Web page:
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PubMed 19593630


Referenced in Channelpedia wiki pages of: none

Automatically associated channels: Nav1.7



Title: Developments in autonomic research: a review of the latest literature.

Authors: Vaughan G Macefield

Journal, date & volume: Clin. Auton. Res., 2009 Aug , 19, 193-6

PubMed link: http://www.ncbi.nlm.nih.gov/pubmed/19593630


Abstract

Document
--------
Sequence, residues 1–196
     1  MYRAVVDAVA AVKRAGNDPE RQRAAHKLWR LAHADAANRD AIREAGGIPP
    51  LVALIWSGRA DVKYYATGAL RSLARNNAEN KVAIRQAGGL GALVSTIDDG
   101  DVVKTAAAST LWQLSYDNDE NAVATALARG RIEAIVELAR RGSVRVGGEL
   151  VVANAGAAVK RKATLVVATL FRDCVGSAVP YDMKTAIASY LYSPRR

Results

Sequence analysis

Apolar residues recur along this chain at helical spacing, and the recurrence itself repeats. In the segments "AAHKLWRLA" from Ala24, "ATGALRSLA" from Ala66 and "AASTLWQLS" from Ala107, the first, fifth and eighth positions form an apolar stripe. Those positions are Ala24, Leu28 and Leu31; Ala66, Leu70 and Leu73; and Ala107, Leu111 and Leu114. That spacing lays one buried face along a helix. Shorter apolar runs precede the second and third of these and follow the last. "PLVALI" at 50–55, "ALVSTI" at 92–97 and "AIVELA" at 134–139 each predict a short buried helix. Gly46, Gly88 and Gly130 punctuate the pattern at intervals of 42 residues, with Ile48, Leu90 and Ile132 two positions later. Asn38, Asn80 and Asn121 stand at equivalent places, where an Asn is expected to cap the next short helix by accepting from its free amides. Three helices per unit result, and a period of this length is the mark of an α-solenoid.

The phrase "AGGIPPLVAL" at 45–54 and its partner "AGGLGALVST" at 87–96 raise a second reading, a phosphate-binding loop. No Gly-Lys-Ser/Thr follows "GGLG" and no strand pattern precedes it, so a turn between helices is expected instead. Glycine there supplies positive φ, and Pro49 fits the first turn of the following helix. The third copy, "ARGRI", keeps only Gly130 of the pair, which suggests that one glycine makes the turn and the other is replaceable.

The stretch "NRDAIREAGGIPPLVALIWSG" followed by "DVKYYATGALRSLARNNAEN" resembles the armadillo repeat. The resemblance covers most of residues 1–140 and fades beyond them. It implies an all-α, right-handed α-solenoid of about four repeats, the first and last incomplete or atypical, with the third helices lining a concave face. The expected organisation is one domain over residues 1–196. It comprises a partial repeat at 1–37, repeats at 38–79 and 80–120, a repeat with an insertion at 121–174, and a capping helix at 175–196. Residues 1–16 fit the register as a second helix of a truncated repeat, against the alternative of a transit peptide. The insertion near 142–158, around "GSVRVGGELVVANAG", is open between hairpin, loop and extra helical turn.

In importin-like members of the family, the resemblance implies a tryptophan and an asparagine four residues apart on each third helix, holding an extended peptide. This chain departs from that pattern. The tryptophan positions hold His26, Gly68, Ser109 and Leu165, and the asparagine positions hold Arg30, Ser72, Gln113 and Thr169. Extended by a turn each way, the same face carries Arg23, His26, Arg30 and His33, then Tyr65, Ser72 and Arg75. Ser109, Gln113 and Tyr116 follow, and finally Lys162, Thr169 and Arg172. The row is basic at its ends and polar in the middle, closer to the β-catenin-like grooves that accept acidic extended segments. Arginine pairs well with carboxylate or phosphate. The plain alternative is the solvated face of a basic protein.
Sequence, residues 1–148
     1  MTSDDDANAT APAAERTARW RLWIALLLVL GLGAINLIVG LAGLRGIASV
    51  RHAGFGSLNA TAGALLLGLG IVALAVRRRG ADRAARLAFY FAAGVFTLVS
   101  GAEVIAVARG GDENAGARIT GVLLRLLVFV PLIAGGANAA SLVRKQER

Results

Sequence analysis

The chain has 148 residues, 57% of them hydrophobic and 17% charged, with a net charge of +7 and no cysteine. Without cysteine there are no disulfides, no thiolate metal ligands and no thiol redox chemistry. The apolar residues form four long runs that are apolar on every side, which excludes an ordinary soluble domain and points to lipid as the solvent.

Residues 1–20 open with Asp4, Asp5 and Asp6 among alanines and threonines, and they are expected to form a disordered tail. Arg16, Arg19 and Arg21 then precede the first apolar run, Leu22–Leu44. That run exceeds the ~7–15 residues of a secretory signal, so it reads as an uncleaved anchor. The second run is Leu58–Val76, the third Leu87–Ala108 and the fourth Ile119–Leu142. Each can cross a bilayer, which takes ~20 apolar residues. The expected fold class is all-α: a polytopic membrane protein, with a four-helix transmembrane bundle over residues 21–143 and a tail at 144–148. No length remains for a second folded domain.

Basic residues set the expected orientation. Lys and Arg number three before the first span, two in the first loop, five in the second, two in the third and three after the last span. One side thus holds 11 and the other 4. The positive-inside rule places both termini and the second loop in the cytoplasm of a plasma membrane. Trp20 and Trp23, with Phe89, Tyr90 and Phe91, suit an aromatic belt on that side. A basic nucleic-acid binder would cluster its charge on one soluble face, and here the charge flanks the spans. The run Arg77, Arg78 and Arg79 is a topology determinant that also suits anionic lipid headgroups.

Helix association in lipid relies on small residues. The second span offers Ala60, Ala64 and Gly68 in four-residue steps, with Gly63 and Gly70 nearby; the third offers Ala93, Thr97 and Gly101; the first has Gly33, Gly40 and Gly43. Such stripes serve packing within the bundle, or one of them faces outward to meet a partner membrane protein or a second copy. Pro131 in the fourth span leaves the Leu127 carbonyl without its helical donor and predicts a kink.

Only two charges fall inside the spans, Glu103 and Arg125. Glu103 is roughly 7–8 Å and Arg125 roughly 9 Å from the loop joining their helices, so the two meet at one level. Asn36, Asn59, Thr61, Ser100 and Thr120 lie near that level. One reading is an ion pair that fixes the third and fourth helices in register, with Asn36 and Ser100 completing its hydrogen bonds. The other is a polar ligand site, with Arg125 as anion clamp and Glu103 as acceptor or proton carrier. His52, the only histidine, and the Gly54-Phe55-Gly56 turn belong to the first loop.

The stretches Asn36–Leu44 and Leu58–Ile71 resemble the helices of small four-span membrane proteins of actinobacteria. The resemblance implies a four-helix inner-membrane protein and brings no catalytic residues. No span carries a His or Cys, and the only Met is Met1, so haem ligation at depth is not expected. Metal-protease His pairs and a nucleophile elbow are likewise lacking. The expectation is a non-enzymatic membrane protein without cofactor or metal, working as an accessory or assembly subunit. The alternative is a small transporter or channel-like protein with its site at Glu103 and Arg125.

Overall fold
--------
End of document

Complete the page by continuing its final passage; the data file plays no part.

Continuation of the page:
Small-diameter afferents do not just subserve pain and temperature sensibilities, important for protection of the body though they are: there is a system of low-threshold unmyelinated afferents that respond to light stroking (C-tactile afferents) and they are believed to subserve the affective components of touch. Patients with large-fibre sensory neuropathies exhibit skin sympathetic responses to stroking, and report the stimuli as feeling pleasant. Moreover, the posterior insula is activated. Patients with small-diameter sensory neuropathies, specifically those with congenital insensitivity to pain, suffer from cumulative injuries that can lead to joint degeneration. There is evidence that the nociceptive (and sympathetic) axons die because nerve growth factor is not being produced by the target tissues; patients with congenital insensitivity to pain have mutations in the NTRK1 gene, the gene responsible for producing the TrkA receptor, but there is also evidence for mutations in the SCN9A gene, which codes for a specific subunit of the voltage-gated sodium channel. Specific mutations, leading to clusters of cases of congenital insensitivity to pain, have been found in several geographical locations, with several genetic mutations having been documented. Interestingly, even patients with congenital insensitivity to pain, despite having never experienced pain, can still empathise with the pain in others-we do not need to feel pain in order to empathise, but we do need to feel pain in order to ensure that our body looks after itself.